A Severn Barrage between Weston-super-Mare and Cardiff would only need Government subsidies at the kind of level paid out to nuclear power, rather than more expensive energy like wind power.
Gregory Shenkman, the chairman of Hafren Power, told a parliamentary energy select committee yesterday, that the £25 billion barrage project was economically viable and would not create a hugely expensive form of renewable power.
Experts clashed over whether such a barrage would increase the risk of storm surge flooding 'downstream' of the barrier – on the Somerset Levels with the Environment Agency saying more work was needed to assess that possibility.
The 11-mile long barrage would effectively dam up the Severn Estuary and protect the Somerset and south Gloucestershire coastline to the north from any potentially damaging tidal or storm surges.
But the Environment Agency's submission to the Commons committee remained non-committal, acknowledging that the impact on flood risk was probably 'neutral' – while it decreased the risk and added protection 'inside' the barrier, it could increase the risk of sea flooding further along the coast in west Somerset and north Devon.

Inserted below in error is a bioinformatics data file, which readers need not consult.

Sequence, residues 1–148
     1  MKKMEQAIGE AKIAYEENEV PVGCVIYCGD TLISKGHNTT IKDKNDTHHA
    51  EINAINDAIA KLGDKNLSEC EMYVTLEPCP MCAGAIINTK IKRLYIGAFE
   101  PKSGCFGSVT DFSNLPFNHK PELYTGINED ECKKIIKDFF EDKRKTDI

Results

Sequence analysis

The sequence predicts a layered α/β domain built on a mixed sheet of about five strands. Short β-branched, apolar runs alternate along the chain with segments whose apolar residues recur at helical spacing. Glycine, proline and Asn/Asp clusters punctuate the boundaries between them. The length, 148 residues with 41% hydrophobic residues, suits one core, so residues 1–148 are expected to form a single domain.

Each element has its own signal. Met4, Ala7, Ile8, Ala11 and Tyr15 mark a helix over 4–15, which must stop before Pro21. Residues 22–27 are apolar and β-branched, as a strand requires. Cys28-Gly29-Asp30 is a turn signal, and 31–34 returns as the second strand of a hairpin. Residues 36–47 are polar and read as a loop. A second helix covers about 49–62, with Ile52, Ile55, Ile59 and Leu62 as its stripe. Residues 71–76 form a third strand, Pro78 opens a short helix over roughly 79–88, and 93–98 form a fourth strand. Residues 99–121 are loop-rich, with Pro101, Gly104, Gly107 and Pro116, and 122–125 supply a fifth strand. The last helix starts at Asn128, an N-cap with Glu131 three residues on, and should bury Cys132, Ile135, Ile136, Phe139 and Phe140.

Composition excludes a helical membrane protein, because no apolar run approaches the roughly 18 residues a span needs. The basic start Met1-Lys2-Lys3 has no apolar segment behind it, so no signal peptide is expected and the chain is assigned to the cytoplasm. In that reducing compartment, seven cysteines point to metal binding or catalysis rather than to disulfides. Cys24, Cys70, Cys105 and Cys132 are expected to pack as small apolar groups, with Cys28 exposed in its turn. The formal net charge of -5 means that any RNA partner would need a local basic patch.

The Environment Agency has sought to counter claims that a barrage would help flood risks in Somerset, only telling the Government: "Further work is required to understand the effects on coastal regions far from the Severn."
That implies that as a storm surge hits the barrage and cannot proceed further, it will 'spill over' onto areas outside the barrage.
But hydroelectric power expert, Professor Roger Falconer from Cardiff University, said the detrimental effects downstream would be marginal. "The savings upstream will far outweigh the marginal flood risk downstream," he said.
While the environmental impact is yet to be resolved, the boss of Hafren was upbeat about the costs of the electricity the barrage would produce. All electricity has to be subsidised by the Government to produce it – but the barrage power would not be as expensive as previous fears, Mr Shenkman told MPs.
"We expect that the price we will be able to negotiate will fall below offshore wind, and we hope close to or perhaps at the price nuclear power is currently negotiating," he said. That would make the project economically viable, he added.
Hafren's plans would see 1,026 turbines generating power on tides as the sea rises and falls. The project may create about 20,000 construction jobs and 30,000 manufacturing and service jobs. Finance would come from private sources.